Performances in RoboCop are superb. You just have to watch Weller moving about as RoboCop to see someone that not only played the role but put in an excessive amount of time perfecting every single nuance. He moves like a machine, all fluid yet erringly precise. There’s a shoot-out sequence in a drug factory where his every movement plays out almost like a dance. He makes his way through the action with one efficient motion after the another like a lethal ballet. RoboCop isn’t the most talkative character around but Weller fills him with a robotic tone that gradually cracks a little bit at a time as he remembers who he was before he became RoboCop and realises the horror of the life he is in now. To add to this performance the film has two great villains in Dick Jones and Clarence Boddicker. There is no doubt that within a few minutes of meeting both you’ll want to see them killed. But Boddicker has another level to him. He’s not just easily dislikeable but is also very charismatic. You understand why he has a gang, you understand why people fear him and you definitely know that you never want to cross him.
You can’t talk about RoboCop without going into it’s effects and make-up work, Featuring two of the greats of what we now call practical effects in the forms of Phil Tippet with his stop motion animations for ED-209 and Rob Bottin with his incredible make-up for Robocop. The suit is a work of design art to the degree that the reveal of the suit for the upcoming remake is almost guaranteed to be hated no matter how good it is. They could even copy the suit from this film and still upset fans over the slightest detail they get wrong. The most stunning make-up effects come at the end of the film. I’ll have a picture of RoboCop without his mask on after this paragraph which is prime example of how good Rob Bottin is. It’s a seamless blend of Peter Weller’s face into prosthetics that appear to show his skin stretched over an exposed metallic skull. I bet here and now that when they do a scene like that in the remake it’ll be a CGI skull with a digitally mapped on face. The other notable effect is the fate of Emil (Paul McCrane). He crashes a car into a giant vat of Toxic waste and stumbles out a melting man. An effect that actually was based on the make-up effects of Rick baker on The Incredible Melting Man in fact.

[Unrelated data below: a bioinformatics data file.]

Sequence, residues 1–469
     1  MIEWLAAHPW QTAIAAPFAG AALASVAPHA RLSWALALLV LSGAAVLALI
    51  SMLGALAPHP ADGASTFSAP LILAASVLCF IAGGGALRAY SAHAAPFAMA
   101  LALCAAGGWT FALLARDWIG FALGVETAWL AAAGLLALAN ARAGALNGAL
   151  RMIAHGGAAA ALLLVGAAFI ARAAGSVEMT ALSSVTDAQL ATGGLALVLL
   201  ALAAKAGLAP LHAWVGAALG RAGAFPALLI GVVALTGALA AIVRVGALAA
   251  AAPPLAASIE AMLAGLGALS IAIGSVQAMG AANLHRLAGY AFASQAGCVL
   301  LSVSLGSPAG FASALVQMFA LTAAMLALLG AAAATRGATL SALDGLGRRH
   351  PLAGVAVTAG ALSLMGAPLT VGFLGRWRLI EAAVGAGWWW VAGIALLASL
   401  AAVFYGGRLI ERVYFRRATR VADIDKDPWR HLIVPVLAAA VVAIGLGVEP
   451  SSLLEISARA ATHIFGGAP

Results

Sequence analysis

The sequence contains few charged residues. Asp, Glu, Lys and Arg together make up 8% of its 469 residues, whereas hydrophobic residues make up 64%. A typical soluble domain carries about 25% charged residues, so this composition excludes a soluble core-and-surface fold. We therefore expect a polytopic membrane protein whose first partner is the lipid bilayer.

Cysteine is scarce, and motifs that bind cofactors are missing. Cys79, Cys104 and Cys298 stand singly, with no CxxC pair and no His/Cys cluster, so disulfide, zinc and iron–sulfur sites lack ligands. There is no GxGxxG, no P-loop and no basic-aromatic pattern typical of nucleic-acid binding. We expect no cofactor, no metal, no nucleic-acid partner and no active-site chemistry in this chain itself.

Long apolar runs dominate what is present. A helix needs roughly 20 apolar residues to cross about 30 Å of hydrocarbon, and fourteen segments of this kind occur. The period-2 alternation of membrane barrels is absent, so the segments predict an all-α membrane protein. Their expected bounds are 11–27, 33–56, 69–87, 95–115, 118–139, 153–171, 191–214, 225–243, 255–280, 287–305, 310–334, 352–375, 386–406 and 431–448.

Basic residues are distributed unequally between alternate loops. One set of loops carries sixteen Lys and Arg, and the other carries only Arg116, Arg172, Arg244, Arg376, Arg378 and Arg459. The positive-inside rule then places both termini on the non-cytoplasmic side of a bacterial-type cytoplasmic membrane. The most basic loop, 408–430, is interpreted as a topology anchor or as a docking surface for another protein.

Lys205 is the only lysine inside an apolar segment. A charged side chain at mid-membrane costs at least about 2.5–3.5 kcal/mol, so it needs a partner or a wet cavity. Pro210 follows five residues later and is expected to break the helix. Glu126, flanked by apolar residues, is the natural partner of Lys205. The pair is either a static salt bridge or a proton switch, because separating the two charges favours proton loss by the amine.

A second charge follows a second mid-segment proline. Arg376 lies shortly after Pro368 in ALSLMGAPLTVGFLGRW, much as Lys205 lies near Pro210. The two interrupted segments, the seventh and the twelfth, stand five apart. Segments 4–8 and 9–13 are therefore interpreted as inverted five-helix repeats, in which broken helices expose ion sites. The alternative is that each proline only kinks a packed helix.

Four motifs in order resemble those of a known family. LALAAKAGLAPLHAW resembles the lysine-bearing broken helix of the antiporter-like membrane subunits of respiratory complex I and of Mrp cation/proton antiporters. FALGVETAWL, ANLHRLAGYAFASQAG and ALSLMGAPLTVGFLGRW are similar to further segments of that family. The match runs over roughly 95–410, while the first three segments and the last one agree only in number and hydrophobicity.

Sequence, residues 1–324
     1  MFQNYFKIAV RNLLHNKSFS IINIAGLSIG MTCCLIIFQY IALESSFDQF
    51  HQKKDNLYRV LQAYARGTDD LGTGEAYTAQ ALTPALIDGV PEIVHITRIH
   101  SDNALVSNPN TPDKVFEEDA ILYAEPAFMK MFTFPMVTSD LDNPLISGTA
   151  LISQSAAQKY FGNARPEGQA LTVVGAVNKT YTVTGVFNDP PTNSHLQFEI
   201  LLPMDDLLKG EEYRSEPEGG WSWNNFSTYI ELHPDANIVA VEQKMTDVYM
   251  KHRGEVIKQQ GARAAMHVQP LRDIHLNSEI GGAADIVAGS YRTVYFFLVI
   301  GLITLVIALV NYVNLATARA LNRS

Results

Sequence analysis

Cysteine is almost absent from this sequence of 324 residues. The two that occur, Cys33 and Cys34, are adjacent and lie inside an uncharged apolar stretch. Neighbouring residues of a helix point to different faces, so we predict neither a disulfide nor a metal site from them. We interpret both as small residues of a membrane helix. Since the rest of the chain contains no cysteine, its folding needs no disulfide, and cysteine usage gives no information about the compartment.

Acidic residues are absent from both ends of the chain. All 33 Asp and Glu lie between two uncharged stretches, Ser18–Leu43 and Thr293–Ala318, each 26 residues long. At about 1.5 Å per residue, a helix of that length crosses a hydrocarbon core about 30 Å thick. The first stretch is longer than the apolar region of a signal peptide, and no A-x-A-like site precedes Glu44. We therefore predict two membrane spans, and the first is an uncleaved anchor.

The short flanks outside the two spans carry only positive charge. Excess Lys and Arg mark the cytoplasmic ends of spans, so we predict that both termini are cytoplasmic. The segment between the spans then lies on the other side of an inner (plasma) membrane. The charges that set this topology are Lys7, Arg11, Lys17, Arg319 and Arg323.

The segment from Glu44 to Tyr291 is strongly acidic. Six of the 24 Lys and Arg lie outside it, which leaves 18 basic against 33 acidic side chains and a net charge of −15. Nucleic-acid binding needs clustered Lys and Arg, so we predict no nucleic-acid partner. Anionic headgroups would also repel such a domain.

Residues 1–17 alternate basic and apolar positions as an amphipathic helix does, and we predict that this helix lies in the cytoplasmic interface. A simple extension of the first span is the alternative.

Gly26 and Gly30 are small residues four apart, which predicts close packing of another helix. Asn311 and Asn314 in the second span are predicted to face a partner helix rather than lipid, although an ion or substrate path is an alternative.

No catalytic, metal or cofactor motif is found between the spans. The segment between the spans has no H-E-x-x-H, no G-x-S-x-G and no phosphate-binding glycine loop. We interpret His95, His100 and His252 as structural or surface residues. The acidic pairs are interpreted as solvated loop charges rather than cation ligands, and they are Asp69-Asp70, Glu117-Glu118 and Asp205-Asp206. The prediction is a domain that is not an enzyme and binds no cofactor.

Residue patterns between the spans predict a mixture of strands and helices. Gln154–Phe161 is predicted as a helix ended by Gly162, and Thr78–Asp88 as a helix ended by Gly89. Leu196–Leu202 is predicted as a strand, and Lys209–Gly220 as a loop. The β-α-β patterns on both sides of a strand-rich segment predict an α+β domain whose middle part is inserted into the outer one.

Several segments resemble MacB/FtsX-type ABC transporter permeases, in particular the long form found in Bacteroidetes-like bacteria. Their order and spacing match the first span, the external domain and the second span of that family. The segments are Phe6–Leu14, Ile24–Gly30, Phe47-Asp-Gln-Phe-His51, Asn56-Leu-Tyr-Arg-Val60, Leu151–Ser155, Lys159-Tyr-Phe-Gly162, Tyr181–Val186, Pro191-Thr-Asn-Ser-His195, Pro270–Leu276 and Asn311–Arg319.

The film’s score is provided by Basil Poledouris, who also scored the Arnie film Conan the Barbarian. He mixes military brass band marches with synthesiser music to create a mechanically precise and almost robotic sound to the theme that follows RoboCop wherever he goes. The RoboCop March manages to give you a militaristic feel to any scene RoboCop is in but is also layered with traditional romantic film score elements to keep the theme feeling heroic. It also juxtaposes the war like nature of the characters outer appearance with the humanity that lies underneath.
Honestly I struggle to fault RoboCop on a storytelling or thematic level. It’s shot beautifully with many shots using compositions that you’d expect from a 1940 impressionistic German movie but also uses a very comic book like framing making sure that RoboCop’s actions are framed for impact. The script (By Edward Neumeier and Michael Miner) is so sharp you could arrange the pages side on and turn it onto an improvised Slap-chop. I suppose I could mock that one effect at the end where a villains arms look a bit too long but that would be nit-picking. RoboCop is exceptional, so much so it was even included in Mark Cousin’s The Story Of Film alongside films such as Tokyo Story, A Bout De Soufflé and The Message. And Mark Cousins is quite the cinema snob. I watched this last night (August 28th 2012) on a cinema screen for the first time at The Prince Charles Cinema in London and I honestly have never enjoyed the film more. It’s been around 25 years since I first watched it on VHS and seeing it projected onto a giant cinema screen it felt like the wonder of seeing it for the first time. If ever you see a local cinema showing RoboCop make it your duty to go along and see it. Especially if, like it was for me last night, it’s coupled with Verhoeven’s other classic Total Recall.